Finding Carter

TV review by
Melissa Camacho, Common Sense Media
Finding Carter TV Poster Image
Engaging teen drama has mature themes and risky behavior.

Parents say

age 14+
Based on 5 reviews

Kids say

age 14+
Based on 6 reviews

A lot or a little?

The parents' guide to what's in this TV show.

Positive Messages

Childhood abduction affects everyone. 

Positive Role Models & Representations

Carter is angry, confused, and resentful. The Wilsons are a dysfunctional family as a result of the kidnapping; the adults seem incapable of parenting at times. Carter and her friends don't always use their best judgment and engage in risky behavior. 

Violence

Carter is a childhood kidnapping victim. Mild arguments are common; some lead to pushing, shoving, and insults. A character is a police officer, and guns occasionally are visible. Comments are made about wanting to do harm to the kidnapper. 

Sex

There's some making out and strong sexual innuendo. Infidelity is a theme.

Language

Words such as "hell," "bitch," "ass," "piss," "booty call," and "slut" audible. 

Consumerism

The name and artist of each song played throughout each episode are highlighted with instructions on where to download the song. The Apple logo and Subarus and other car makes are visible.

Drinking, Drugs & Smoking

Underage drinking (beer, hard liquor, shots) and marijuana smoking are visible. Subtle references are made to other drugs. A cast member overdoses and ends up in the hospital.

What parents need to know

Parents need to know that Finding Carter contains some strong themes, including child kidnapping, coping with tragedy, and infidelity. It also features lots of risky teen behavior, including underage drinking, occasional drug use (marijuana, other inhaled substances), some rebellious antics, and sexual innuendo. There's some iffy vocabulary ("bitch," "piss," and "hell") and rude gestures, and arguments occasionally lead to pushing and shoving. Police activity and guns are visible. As on most MTV shows, the songs and artists played throughout are highlighted with instructions to get the music at MTV.com. It's a bit much for tweens, but parents might want to consider watching with their teens and discussing some of the themes.  

User Reviews

  • Parents say
  • Kids say
Adult Written byGodAnubis12 August 31, 2014

Ages 14- maybe 13- and up

Its a great show concept, but just some things you really should watch out for. Teenagers drink (get high) and do drugs, but there are consequences some of the... Continue reading
Adult Written byBeckyG 4 December 2, 2015

So much possibility. .

I have watched this show since episode 1. I was a bit concerned from the onset about the casual drinking, drugs and sex but I attributed it to the fact Carter h... Continue reading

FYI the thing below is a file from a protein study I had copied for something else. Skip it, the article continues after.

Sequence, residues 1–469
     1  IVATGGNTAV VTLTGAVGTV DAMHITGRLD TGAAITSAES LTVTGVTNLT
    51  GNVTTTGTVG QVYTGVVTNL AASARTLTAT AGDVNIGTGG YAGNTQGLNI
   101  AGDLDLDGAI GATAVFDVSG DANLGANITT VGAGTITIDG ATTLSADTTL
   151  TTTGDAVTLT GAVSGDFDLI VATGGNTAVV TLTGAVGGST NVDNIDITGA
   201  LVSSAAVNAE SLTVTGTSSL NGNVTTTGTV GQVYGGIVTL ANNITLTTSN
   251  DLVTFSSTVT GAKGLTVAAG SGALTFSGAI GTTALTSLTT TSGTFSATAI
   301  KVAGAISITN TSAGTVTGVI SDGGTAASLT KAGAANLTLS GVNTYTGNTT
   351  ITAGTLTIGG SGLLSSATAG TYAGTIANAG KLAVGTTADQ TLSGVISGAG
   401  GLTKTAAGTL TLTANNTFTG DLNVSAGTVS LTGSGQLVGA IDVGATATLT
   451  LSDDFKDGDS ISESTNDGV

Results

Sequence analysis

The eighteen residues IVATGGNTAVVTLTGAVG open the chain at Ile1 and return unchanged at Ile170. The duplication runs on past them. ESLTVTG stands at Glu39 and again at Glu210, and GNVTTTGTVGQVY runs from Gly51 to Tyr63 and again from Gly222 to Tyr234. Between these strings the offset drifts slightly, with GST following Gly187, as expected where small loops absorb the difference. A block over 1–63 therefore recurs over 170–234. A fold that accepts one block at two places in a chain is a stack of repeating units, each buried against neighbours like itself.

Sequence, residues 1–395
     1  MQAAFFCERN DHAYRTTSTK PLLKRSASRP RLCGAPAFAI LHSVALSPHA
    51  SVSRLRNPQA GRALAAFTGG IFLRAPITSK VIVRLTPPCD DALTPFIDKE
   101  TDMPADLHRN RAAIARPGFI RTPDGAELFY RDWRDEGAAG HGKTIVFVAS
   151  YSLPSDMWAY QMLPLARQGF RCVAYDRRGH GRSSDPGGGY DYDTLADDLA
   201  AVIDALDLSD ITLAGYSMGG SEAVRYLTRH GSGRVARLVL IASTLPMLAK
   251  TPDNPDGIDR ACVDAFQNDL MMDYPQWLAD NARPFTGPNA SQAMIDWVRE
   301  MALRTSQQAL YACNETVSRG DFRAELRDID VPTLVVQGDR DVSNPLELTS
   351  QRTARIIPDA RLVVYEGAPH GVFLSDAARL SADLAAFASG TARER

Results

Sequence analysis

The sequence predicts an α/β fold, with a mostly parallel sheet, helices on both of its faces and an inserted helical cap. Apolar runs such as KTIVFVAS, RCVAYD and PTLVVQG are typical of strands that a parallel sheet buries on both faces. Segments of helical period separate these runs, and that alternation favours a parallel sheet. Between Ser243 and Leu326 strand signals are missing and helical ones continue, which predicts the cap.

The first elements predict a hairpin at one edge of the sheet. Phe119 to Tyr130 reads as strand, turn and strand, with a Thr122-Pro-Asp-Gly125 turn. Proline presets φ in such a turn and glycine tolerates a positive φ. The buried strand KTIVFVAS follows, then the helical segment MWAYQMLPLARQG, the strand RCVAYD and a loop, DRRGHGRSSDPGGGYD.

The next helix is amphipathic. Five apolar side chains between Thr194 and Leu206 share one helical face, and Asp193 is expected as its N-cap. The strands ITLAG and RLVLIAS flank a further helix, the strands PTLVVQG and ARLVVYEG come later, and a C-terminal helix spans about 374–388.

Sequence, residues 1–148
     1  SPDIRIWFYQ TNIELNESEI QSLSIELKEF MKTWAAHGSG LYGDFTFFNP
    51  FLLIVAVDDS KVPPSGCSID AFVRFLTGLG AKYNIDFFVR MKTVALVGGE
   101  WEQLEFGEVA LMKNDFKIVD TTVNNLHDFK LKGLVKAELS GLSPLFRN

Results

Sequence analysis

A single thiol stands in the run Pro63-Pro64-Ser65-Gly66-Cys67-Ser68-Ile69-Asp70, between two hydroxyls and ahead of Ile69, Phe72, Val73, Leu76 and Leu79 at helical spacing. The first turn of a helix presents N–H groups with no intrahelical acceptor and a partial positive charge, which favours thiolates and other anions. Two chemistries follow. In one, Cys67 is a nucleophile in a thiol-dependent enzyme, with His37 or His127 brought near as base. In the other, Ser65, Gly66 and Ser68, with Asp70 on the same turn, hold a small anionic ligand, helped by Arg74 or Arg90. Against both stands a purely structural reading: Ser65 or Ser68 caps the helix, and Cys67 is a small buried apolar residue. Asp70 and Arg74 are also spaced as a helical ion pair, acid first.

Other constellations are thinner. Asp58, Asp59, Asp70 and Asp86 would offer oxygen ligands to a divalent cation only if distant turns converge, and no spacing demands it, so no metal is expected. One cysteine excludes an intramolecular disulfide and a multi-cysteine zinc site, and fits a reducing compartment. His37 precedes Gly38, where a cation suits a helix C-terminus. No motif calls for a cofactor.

Teen, 14 years old Written bypepperoots August 31, 2014
MTV's newest TV show is engaging but mature. if you don't mind themes like, child abduction, check it out!!
Teen, 15 years old Written byNeveralone4 January 20, 2015

Its a Great show!

Finding Carter to me was interesting from the beginning!From where it all started to where it left off.I know its very unlikely for something like this to happe... Continue reading

What's the story?

FINDING CARTER is a dramatic series about a teenager forced to restart her life and rediscover who she really is. After a minor run-in with the law, 16-year-old Carter Stevens (Kathryn Prescott) learns that the woman she thought was her mother (Milena Govich) was actually her childhood kidnapper. From one day to the next, she finds herself starting a new life with her biological family, including police officer Elizabeth (Cynthia Watros), dad and author David (Alexis Denisof), and twin sister Taylor (Anna Jacoby-Heron), who had been living in constant fear of what happened to Carter. She also meets Grant (Zac Pullam), her little brother, who was born after she was taken. While the Wilsons adjust to being reunited and cope with the continuing damage caused the abduction, Carter becomes intent on living her life the way she wants -- at the same time as protecting the woman she considers her real mom.

Is it any good?

The series, reminiscent of the novel The Face on the Milk Carton, combines the tragedy of childhood abduction with the angst and drama that teen-oriented shows are known for. But amid the improbable (and sometimes over-the-top) plot lines is a very believable story about a young woman's struggle to figure out who she is while being forced to cope with the sadness and anger she feels about her circumstances. 

As with most MTV shows of this kind, Finding Carter features lots of risky behaviors. It also sends some not-so-subtle messages about some adults' inability or unwillingness to parent. However, much of this is offered up as a way of underscoring some very real and far-reaching consequences an event such as child kidnapping has on everyone involved. It's an engaging show and very likely to appeal to older tweens and teens. 

Talk to your kids about ...

  • Families can talk about risky behaviors shown on TV. Is it ever appropriate to feature them, even if they're being offered in the context of a story? Is there anything that can be learned from seeing these stories in the media? 

  • Child kidnapping can result from predators gathering information online. What are some ways kids can protect themselves online? What specific steps can parents take to make sure their kids are safe?

TV details

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